March 6, 2024 / by Madeleine

How to nail a 12 mark question in AQA Philosophy

With a 12 marker there is a strict formula. They are only testing you on AO1 – showing what you know. You should NOT give any response or criticism of your own, or any that is not specified in the given question. No evaluation. Just strictly the theory, or argument + the criticism and how it attacks the theory/argument.

It should contain at least 4 paragraphs, amounting to about 1.5 pages of writing by hand. This is something a lot of students don’t realise, and they drop marks because they haven’t written enough, or they haven’t covered all of the bases.

  1. The 1st paragraph or two covers the first half of the Q (e.g., ‘Explain God’s omniscience’). you should treat it like a well-explained 5 marker. Lay out the argument, perhaps in standard form so with numbered premises on different lines, and summarise it in a few sentences. If the first half of the question refers to a theory rather than an argument, then treat it as a 3 mark turned into a 5-mark question i.e. define the theory, and explain its different aspects in more depth. You can offer a positive argument for the theory e.g. Aristotle’s function argument for his ethics but do not, I repeat, do not, evaluate it.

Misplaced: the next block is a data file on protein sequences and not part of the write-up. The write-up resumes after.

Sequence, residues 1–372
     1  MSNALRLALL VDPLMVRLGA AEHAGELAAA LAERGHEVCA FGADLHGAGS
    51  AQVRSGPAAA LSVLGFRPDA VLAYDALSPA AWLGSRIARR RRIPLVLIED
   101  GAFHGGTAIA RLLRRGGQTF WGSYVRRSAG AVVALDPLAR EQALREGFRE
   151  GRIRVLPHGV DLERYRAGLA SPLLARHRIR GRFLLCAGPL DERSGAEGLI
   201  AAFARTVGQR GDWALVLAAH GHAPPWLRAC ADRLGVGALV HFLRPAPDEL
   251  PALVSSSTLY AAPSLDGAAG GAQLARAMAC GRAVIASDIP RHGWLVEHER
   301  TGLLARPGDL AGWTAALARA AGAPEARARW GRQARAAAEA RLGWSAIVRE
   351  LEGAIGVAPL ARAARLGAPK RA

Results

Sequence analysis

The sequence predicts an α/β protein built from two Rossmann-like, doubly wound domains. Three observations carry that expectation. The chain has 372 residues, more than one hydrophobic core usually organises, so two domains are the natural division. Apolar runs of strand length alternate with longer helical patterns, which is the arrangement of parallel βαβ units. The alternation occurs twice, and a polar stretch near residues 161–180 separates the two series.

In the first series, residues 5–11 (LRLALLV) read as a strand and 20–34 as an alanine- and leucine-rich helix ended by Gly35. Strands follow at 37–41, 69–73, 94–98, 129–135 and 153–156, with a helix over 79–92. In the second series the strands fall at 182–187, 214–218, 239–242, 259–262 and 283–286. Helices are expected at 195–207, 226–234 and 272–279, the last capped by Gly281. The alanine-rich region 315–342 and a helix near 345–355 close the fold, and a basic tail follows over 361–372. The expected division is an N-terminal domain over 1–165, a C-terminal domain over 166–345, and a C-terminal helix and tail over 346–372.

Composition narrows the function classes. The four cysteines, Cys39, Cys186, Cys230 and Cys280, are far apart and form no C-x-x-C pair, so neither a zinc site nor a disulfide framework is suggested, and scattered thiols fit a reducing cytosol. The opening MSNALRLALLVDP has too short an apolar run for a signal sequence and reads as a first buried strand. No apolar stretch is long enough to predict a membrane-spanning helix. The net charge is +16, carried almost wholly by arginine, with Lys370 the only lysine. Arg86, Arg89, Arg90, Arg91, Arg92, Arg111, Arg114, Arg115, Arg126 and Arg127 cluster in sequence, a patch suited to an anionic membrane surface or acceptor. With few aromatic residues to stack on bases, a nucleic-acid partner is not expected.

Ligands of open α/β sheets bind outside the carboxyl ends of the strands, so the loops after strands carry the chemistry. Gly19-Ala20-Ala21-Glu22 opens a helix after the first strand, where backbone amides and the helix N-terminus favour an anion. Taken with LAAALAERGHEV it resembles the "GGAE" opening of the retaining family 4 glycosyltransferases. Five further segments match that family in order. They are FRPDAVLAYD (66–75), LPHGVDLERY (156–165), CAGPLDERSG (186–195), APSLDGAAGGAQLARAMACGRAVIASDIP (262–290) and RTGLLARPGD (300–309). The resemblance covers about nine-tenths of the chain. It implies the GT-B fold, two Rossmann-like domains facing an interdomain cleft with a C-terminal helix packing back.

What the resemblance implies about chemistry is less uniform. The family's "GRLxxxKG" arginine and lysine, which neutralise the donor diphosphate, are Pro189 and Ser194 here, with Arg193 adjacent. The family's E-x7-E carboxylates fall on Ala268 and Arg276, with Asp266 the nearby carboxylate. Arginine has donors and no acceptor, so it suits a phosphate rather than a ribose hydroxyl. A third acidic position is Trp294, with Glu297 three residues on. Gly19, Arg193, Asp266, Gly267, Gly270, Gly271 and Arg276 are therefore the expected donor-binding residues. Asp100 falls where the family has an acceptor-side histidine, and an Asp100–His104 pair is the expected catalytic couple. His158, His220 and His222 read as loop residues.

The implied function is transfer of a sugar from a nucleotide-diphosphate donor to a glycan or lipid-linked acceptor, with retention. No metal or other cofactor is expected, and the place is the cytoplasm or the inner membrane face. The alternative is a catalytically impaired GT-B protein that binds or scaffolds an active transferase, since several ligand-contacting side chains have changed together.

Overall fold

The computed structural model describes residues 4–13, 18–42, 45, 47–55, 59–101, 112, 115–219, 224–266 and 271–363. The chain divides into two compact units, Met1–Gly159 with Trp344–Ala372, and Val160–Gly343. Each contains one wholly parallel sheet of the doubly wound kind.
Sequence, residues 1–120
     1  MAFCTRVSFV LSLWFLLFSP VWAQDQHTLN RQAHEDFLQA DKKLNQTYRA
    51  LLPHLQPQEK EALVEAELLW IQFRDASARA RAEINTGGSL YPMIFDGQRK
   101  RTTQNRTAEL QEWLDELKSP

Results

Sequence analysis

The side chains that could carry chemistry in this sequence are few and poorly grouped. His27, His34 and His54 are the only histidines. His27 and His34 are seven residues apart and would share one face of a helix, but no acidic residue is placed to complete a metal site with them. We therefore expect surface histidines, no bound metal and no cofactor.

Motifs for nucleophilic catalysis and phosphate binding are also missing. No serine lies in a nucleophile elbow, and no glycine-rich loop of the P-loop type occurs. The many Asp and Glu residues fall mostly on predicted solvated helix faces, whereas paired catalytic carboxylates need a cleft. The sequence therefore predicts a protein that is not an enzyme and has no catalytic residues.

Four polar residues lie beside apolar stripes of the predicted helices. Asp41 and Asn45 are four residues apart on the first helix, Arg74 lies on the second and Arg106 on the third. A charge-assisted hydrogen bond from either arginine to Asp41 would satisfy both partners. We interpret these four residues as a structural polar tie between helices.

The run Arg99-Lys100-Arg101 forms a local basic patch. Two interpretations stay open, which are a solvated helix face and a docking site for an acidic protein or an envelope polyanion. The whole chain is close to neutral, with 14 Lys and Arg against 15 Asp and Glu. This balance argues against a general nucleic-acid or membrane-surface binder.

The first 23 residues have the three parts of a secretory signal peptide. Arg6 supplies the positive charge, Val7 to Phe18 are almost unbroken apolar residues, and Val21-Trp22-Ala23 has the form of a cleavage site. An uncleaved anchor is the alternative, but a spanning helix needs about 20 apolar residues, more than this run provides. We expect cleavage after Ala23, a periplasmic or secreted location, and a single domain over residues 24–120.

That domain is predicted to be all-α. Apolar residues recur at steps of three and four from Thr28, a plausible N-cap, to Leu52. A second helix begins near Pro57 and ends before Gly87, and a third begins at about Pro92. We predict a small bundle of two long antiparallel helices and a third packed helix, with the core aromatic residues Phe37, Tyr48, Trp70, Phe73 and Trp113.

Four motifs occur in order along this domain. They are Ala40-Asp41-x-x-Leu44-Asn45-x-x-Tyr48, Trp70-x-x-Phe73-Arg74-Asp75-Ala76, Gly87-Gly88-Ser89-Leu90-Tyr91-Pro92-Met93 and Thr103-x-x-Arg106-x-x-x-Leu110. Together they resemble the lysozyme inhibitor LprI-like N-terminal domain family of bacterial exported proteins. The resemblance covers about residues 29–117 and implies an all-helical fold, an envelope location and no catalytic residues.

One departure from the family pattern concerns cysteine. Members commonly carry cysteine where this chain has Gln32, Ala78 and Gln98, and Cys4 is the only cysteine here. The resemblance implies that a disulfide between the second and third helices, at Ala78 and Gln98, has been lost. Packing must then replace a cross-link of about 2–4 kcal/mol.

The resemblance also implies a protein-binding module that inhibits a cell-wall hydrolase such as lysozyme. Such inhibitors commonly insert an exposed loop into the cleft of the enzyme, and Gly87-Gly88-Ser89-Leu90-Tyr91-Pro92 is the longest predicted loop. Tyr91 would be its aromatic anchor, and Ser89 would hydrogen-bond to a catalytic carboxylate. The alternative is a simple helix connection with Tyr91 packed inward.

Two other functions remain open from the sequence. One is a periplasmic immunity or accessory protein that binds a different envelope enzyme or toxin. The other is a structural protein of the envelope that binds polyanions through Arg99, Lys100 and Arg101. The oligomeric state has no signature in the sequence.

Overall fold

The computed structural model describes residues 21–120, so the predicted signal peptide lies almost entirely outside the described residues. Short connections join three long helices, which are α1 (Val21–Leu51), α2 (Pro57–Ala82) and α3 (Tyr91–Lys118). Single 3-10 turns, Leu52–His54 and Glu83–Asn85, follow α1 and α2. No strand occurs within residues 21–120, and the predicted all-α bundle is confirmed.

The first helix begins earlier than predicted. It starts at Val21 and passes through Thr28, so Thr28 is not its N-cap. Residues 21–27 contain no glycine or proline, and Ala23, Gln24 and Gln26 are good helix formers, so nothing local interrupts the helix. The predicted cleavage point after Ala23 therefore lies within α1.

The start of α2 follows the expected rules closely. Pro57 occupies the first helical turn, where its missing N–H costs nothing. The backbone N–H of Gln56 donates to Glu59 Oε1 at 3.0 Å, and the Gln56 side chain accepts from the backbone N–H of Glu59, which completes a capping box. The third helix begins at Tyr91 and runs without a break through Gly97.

2. Now cover the 2nd half of the Q – e.g., ‘…and explain the criticism that free will undermines it’ – and also treat it like a well-explained 5 marker, as above.
  3. Your 3rd section is ‘integration’ – which means bringing the whole question together by identifying and explaining how the second part of the Q criticises the first part. e.g. How does free will undermine God’s omniscience? This is why using standard form arguments is so useful, because you can point to the specific numbered premise which is being attacked and explain how so. Integration is essential to scoring highly here. You cannot get above 6/12 marks unless you include at least some integration.
  4. Last, you give a conclusion, but it is NOT your own conclusion. Rather, you tie up all the loose ends and take the last logical steps of this criticism. What is the state of play, supposing that the criticism succeeds? E.g. Free will undermines one of God’s key attributes, omniscience, therefore either God cannot exist as He is currently defined in classical theism unless we give up on human free will.

Following these steps you should move up the mark bands on 12 mark questions!

I can help you with marking and planning these questions, by booking a meeting or offline feedback session.